Don't Let These Tests Scare You

These tests don’t directly translate to whether or not you will pass the exam. Use these exams as study material to help guide your studying.

Like I said earlier, I took 7 weeks to study for the NBCOT. I started the first week after graduation. I didn’t start studying at all during fieldwork or classes. I also worked 20-30 hours per week while studying at the job I had through college. I didn’t want to work full time, but there was no way that I would be able to not work. The first couple weeks of studying I was working 30 hours a week, which translated to 3 days. I didn’t study much or at all on the days that I worked. After the first couple weeks, I decided to cut down to 20 hours per week to focus a little more on studying. So, I worked 2 days and studied for 4 or 5. On my study days, I would wake up around 8 AM. First, I ate breakfast and enjoyed my coffee without cracking open the books, to get my day started. I would study for 2 – 4 hours, then hit the gym, then come home and study for 1 – 3 more hours. I refused to let my love for lifting get thrown to the wayside during studying. I also refused to turn into a hermit during studying. I still did things with my fiance, friends and family during the weeks that I was studying. Sometimes I had planned to study, but then something fun came up, and I went with it. You have to take care of your mental health in order to take in all this information and retain it. You CANNOT study for 12 hours per day, every day, for 8 weeks. You don’t need to. You went to school for years for this. You went through two 12 week long fieldwork experiences as an OTS. You know more than you think.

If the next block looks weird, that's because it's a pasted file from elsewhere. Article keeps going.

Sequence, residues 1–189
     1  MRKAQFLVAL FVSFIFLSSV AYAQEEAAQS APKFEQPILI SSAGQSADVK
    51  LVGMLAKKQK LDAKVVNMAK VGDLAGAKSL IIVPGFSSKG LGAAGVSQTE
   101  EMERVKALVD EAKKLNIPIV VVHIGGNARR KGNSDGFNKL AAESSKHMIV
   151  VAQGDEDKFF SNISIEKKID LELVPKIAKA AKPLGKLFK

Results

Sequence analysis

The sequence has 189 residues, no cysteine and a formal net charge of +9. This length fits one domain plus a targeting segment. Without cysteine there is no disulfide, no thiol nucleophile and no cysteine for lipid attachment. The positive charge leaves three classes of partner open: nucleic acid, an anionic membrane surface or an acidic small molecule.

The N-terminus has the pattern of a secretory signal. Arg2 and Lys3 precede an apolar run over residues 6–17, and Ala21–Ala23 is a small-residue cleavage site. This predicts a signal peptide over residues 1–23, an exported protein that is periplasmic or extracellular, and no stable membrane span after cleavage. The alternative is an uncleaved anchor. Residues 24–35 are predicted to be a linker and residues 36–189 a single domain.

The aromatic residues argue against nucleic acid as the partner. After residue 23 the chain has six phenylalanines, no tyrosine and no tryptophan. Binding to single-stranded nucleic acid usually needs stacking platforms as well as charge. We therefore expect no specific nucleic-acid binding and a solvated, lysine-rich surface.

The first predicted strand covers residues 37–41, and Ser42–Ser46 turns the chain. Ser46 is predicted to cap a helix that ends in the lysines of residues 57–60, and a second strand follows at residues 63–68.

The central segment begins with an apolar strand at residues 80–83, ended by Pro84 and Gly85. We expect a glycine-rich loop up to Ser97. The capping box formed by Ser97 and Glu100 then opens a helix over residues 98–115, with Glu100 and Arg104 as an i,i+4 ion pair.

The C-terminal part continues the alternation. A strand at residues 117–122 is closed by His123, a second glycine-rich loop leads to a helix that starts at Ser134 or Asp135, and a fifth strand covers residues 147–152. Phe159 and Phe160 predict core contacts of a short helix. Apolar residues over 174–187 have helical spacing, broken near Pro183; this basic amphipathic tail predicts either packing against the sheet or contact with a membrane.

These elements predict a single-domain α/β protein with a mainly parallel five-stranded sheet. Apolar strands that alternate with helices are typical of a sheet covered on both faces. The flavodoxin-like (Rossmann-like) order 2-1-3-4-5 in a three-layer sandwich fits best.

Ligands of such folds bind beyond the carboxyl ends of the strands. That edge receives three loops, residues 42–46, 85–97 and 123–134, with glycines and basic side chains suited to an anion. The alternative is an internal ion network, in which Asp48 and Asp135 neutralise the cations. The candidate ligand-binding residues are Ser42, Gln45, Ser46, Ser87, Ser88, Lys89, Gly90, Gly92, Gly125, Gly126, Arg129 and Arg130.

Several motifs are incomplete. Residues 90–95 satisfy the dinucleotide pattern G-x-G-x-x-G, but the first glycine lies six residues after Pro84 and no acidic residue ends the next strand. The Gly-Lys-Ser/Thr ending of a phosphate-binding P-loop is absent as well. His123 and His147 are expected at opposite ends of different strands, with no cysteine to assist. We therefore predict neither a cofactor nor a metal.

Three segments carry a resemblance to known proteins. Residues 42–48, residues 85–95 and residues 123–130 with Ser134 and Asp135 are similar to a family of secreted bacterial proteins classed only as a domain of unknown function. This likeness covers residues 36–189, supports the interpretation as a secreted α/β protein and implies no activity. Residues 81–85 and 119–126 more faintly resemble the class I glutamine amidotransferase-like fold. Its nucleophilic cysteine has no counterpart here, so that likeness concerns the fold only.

The Day Before the Exam